Patient Education

Our Health Library information does not replace the advice of a doctor. Please be advised that this information is made available to assist our patients to learn more about their health. Our providers may not see and/or treat all topics found herein.

Laryngitis

Condition Basics

What is laryngitis?

Laryngitis is an inflammation of the voice box, or larynx (say "LAIR-inks"), that causes your voice to become raspy or hoarse.

Laryngitis can be short-term or long-lasting (chronic). Most of the time, it comes on quickly and lasts no more than 2 weeks.

Chronic symptoms are those that last 2 weeks or longer. Check with your doctor if your symptoms last longer than 2 weeks. Laryngitis may be due to other causes.

What causes it?

Laryngitis can be caused by:

  • Colds or the flu. This is the most common cause.
  • Acid reflux, also known as gastroesophageal reflux disease (GERD).
  • Overuse of your voice, such as cheering at a sports event.
  • Irritation, such as from allergies or smoke.
  • Use of inhaled steroid medicines (such as those used to treat asthma).
  • Problems with the way you talk or sing.

Acid reflux is the most common cause of chronic laryngitis. But chronic laryngitis may be caused by more severe problems such as nerve damage, sores, polyps, cancer, or hard and thick lumps (nodules) on your vocal cords. The vocal cords are the vibrating elastic bands inside the larynx that produce your voice.

Some hoarseness may occur naturally with age as your vocal cords loosen and grow thinner.

What are the symptoms?

The main symptom of laryngitis is hoarseness. Your voice may sound raspy, be deeper than normal, or break now and then. You may lose your voice completely. Other symptoms may include a dry or sore throat, coughing, and trouble swallowing.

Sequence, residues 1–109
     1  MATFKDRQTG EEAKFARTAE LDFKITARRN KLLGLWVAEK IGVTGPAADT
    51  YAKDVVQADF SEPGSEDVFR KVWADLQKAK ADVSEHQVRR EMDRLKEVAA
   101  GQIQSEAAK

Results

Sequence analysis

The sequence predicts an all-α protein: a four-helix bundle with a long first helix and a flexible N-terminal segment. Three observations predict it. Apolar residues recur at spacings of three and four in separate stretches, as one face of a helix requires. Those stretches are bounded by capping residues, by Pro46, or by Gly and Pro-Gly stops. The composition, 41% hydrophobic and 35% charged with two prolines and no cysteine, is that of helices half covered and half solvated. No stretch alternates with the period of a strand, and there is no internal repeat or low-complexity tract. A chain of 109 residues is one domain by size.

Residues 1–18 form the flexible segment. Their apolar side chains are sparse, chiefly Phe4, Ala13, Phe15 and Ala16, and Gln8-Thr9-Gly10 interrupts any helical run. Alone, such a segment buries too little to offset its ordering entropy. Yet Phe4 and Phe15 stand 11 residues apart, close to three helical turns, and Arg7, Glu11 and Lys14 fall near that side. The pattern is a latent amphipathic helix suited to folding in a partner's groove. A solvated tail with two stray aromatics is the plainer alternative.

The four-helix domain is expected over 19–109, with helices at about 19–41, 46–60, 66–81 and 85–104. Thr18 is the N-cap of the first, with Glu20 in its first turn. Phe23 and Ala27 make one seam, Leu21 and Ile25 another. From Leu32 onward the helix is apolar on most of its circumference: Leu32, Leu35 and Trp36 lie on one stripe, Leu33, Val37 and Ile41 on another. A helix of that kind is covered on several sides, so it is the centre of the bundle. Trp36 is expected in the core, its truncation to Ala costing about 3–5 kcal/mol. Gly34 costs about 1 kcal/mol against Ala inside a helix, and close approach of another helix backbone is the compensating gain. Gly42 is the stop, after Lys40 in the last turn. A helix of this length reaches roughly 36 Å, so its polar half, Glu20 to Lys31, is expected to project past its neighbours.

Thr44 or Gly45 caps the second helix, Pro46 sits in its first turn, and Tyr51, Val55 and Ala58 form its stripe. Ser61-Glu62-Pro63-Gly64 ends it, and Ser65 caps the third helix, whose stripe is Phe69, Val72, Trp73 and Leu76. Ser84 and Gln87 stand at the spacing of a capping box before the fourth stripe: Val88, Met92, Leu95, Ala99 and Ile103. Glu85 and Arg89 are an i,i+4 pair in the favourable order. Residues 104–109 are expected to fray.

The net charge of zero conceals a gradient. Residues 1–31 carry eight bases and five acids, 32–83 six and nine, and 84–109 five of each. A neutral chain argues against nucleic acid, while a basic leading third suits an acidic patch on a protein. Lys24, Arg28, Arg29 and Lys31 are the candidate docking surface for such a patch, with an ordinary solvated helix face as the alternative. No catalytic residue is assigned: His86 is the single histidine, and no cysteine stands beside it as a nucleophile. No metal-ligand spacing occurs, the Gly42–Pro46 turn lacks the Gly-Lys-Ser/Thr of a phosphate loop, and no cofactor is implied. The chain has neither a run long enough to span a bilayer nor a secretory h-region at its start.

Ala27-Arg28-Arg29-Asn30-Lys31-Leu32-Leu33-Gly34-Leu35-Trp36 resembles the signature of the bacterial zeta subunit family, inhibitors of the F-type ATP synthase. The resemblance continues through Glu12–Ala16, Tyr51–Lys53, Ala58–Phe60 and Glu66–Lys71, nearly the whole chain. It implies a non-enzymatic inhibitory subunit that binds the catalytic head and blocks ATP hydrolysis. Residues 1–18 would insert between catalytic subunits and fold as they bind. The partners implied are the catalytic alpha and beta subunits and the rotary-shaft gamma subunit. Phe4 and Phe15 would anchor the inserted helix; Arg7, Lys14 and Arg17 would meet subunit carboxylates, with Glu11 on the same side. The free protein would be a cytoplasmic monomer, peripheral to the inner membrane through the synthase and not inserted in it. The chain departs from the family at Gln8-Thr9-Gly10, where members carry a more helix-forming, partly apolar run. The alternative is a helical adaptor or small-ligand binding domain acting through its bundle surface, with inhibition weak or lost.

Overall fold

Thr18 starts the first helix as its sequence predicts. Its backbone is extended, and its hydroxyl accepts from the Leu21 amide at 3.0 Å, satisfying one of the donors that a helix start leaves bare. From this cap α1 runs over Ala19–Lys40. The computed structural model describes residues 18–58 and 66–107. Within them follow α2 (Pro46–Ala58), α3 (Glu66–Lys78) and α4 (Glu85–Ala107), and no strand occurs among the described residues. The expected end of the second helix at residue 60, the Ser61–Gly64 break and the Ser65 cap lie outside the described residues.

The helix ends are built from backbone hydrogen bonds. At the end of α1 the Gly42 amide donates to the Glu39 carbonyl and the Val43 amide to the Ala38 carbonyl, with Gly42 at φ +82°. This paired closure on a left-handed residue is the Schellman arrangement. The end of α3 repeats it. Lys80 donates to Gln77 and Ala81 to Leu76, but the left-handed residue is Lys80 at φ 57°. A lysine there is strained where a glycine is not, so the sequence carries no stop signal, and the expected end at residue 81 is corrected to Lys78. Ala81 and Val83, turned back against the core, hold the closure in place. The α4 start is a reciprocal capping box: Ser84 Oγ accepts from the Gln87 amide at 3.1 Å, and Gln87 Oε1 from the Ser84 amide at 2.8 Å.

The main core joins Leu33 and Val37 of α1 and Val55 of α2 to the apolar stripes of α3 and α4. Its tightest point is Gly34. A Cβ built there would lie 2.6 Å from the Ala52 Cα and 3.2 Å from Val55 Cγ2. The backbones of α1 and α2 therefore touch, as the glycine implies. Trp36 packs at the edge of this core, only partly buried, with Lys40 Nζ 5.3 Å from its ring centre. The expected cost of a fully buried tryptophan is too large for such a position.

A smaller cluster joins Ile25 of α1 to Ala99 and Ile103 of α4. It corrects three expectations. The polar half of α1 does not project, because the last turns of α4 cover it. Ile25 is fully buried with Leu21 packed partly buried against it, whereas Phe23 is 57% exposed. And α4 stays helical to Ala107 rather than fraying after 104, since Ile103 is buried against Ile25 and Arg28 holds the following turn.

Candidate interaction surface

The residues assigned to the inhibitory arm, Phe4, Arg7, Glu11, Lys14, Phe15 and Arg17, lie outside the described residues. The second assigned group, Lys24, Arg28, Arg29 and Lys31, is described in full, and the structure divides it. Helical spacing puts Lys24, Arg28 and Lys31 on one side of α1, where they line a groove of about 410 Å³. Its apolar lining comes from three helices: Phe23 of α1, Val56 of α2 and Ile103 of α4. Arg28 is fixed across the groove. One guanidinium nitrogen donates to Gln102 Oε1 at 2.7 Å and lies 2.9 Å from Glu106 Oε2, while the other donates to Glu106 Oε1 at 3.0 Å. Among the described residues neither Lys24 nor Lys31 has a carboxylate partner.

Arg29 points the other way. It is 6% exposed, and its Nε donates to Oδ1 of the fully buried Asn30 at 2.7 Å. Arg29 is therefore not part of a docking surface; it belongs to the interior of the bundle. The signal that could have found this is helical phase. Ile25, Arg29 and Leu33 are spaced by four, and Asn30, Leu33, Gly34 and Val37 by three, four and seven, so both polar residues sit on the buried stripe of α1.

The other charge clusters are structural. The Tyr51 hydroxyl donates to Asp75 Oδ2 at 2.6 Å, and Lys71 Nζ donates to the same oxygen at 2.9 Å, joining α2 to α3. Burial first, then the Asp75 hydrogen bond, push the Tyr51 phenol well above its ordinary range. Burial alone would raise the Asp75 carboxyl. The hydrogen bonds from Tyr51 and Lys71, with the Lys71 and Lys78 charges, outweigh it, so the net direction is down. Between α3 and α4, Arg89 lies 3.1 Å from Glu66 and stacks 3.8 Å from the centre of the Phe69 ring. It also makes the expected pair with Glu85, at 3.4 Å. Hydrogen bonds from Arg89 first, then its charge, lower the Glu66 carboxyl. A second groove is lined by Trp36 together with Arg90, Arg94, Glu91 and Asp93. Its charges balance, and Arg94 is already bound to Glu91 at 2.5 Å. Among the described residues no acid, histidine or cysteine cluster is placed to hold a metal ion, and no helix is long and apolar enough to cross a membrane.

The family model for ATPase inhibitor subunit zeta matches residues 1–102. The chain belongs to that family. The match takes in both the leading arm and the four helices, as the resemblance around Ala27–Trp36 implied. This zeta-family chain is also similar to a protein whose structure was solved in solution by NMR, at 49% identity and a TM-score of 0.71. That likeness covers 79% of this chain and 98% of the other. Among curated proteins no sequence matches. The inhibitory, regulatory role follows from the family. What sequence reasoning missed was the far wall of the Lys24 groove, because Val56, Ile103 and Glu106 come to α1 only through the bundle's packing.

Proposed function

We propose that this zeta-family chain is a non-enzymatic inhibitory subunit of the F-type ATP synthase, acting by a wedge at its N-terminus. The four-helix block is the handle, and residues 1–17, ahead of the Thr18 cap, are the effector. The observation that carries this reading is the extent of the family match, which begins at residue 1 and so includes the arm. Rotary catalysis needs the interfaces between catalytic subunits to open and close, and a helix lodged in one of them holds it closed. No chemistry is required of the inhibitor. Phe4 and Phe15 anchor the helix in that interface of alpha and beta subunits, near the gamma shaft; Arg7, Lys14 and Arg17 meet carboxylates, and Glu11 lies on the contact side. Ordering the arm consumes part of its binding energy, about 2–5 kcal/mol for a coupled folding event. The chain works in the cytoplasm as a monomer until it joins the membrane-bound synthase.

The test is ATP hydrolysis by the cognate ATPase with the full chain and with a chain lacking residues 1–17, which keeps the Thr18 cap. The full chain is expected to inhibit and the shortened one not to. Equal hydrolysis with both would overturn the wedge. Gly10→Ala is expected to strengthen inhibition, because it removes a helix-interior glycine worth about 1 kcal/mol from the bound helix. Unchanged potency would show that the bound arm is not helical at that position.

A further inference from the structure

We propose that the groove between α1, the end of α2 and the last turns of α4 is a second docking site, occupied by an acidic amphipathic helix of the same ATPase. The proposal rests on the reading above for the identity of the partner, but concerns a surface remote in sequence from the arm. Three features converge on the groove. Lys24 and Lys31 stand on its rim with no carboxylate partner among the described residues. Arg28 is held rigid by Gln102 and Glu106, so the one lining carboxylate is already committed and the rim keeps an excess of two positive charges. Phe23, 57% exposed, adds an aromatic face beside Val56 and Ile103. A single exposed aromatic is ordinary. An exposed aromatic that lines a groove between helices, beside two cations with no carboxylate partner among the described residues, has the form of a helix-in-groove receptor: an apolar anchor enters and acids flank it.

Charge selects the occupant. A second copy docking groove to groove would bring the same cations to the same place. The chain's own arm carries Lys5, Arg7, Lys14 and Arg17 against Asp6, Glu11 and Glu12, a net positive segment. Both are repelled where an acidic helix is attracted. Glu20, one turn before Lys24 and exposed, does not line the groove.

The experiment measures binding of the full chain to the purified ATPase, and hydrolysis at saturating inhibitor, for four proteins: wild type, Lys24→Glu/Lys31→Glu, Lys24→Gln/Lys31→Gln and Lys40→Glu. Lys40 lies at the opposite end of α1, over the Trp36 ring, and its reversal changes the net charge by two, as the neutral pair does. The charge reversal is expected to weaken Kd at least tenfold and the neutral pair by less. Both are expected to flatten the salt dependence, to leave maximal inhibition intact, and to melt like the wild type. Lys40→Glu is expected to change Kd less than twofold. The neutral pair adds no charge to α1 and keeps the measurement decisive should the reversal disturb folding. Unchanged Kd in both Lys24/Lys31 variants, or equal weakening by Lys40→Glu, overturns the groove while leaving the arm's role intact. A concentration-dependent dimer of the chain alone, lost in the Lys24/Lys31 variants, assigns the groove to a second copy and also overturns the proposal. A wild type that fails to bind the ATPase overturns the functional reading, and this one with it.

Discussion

How is it diagnosed?

A doctor will check your symptoms and listen to your voice. Your doctor may also do an exam. During the exam, the doctor may feel your neck for lumps and check your nose, mouth, ears, and throat.

If you have voice problems and hoarseness that don't have an obvious cause and that last longer than 2 weeks, your doctor may refer you to a specialist (otolaryngologist). The way your vocal cords look and the sound of your voice will help the specialist find out if your laryngitis will go away on its own or if you need treatment.

How is laryngitis treated?

With most cases of laryngitis, home treatment is all that you need.

  • Rest your voice as much as you can. When you have to talk, speak softly but don't whisper. (Whispering irritates your larynx more than speaking softly.) Don't talk on the telephone or speak loudly unless you have to.
  • Try not to clear your throat. If you have a dry cough, a nonprescription cough suppressant may help.
  • Drink plenty of fluids.
  • Don't smoke. And stay away from other people's smoke.

If acid reflux (GERD) is causing your laryngitis, you may need to take steps to reduce the reflux.

Chronic laryngitis may need more treatment. For example, if you keep getting laryngitis because of a problem with the way you talk or sing, you may need speech training. This can help you change habits that can cause laryngitis. It can also help your larynx heal.

You may need surgery if your vocal cords have been damaged, such as by sores or polyps.

Credits

Current as of: December 2, 2020

Author: Healthwise Staff
Medical Review:
Adam Husney MD - Family Medicine
E. Gregory Thompson MD - Internal Medicine
Kathleen Romito MD - Family Medicine
Donald R. Mintz MD - Otolaryngology